Accounting for change: the micropolitics of university restructuring.
AbstractThis second article in a three-part series published in the South African Journal of Higher Education, describes the various ways in which "academic identity" informed the politics and shaped the outcomes of "restructuring" at the University of Durban Westville (UDW) in the late 1990s. The authors argue that while "restructuring" appears to be a process concerned with organisational and programmatic changes within the university, the effects of such reorganisation is to challenge established identities. At UDW the restructuring process generate an intense micropolitics across the campus because it had the effect of recasting ethnic identities (the case of the Indian languages), disciplinary identities (the case of political science, philosophy, and public administration), and professional identities (the case of the engineering faculty). The authors conclude that without grasping the underlying shifts in identity that inevitably accompany restructuring, university leaders and administrators run the risk of alienating the very constituencies from which they seek "buy-in" for radical change proposals. And without taking account of the politics of identity, attempts to theorise institutional change might falter by mistaking formal or superficial reorganisation for substantive or deep change.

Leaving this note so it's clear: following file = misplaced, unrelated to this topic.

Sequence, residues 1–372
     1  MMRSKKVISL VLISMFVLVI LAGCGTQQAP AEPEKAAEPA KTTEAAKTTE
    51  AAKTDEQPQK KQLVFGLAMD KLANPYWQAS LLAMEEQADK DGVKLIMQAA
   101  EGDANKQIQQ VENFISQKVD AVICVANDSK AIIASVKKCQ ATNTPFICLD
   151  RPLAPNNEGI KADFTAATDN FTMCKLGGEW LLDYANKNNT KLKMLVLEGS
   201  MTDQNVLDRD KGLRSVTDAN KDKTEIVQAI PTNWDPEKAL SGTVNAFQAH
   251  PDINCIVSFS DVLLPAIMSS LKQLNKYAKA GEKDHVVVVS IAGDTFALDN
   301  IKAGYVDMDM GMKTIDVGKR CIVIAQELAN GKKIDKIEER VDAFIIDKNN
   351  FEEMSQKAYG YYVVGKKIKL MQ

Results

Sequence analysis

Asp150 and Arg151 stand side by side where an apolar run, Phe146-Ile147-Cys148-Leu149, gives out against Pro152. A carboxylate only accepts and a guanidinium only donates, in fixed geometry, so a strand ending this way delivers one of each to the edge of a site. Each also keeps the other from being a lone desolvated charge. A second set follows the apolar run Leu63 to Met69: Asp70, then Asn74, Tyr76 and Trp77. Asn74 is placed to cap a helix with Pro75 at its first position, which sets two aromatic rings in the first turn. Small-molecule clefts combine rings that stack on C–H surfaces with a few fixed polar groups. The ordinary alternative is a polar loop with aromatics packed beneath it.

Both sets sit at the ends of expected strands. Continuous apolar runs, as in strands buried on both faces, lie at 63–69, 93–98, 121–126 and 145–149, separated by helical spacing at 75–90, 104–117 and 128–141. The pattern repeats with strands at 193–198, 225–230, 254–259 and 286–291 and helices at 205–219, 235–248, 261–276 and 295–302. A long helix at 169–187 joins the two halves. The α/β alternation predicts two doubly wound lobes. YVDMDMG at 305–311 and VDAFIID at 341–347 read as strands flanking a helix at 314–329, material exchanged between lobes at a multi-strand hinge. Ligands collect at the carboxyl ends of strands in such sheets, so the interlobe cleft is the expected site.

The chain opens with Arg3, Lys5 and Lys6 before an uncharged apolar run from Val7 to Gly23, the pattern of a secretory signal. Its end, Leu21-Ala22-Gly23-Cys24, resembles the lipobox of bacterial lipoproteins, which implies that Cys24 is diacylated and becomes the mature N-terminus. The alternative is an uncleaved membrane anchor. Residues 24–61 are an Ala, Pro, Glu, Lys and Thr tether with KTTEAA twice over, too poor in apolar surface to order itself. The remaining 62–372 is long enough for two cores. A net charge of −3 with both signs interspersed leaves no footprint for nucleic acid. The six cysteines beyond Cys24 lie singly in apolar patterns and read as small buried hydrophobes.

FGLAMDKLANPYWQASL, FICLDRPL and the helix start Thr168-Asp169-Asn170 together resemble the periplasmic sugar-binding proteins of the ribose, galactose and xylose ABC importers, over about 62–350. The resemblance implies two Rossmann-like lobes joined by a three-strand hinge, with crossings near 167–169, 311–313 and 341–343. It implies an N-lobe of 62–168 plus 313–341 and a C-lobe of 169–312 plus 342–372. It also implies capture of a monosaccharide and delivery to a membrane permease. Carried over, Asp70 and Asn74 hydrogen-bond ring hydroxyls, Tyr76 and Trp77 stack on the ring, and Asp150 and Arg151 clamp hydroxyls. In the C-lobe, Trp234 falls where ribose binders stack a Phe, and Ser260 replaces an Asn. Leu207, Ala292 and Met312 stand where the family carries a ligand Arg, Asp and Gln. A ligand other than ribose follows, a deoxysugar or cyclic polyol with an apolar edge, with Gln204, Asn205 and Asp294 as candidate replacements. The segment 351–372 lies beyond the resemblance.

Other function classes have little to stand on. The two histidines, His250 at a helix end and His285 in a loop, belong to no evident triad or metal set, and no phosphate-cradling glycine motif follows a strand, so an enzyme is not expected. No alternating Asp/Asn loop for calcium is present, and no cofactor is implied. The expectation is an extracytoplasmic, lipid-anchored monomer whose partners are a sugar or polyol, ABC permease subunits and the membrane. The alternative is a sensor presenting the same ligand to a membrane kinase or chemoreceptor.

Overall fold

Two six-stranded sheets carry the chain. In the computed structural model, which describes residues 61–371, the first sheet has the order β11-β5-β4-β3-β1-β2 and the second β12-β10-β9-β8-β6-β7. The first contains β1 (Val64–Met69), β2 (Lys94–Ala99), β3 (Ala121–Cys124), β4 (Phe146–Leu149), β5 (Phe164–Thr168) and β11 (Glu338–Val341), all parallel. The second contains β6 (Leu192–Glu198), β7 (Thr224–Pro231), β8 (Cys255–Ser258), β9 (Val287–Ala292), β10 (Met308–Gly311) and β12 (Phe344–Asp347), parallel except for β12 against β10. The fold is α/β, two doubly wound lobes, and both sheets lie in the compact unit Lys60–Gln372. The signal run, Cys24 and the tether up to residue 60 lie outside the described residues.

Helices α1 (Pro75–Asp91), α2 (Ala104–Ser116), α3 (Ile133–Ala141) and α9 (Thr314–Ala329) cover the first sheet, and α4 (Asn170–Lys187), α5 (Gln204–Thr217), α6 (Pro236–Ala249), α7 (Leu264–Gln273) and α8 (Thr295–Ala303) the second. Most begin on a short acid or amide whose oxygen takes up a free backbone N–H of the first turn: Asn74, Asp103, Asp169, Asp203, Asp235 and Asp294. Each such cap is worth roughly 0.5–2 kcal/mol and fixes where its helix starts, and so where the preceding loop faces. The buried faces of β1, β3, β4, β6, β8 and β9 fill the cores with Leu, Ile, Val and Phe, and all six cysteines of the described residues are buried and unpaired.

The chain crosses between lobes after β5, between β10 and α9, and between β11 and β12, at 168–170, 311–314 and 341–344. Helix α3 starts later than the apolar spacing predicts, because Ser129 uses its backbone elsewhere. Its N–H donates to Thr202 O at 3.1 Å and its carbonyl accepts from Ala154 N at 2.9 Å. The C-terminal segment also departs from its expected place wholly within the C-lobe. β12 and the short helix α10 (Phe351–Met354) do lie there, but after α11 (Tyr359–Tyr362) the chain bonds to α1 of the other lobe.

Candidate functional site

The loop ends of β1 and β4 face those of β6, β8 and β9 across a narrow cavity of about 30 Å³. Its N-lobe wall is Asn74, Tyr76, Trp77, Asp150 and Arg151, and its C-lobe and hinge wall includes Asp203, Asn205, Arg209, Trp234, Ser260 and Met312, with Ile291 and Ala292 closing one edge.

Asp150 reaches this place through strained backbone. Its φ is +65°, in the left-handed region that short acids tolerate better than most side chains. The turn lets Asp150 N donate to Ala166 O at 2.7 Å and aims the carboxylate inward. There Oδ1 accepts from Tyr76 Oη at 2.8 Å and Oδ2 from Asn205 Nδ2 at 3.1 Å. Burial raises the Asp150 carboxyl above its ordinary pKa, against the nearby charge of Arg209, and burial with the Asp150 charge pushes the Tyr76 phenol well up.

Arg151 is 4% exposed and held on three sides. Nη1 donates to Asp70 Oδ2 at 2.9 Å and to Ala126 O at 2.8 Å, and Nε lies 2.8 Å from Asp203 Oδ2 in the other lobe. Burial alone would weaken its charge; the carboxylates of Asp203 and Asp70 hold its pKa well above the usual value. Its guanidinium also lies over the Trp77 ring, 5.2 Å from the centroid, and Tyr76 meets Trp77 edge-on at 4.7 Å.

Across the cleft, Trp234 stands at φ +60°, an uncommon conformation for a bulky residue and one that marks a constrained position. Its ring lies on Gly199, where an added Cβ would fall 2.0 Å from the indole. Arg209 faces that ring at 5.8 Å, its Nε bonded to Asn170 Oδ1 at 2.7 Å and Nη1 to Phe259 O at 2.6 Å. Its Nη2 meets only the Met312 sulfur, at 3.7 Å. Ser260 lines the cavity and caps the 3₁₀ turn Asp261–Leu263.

South African Journal of Higher Education Vol.15(1) 2001: 40-46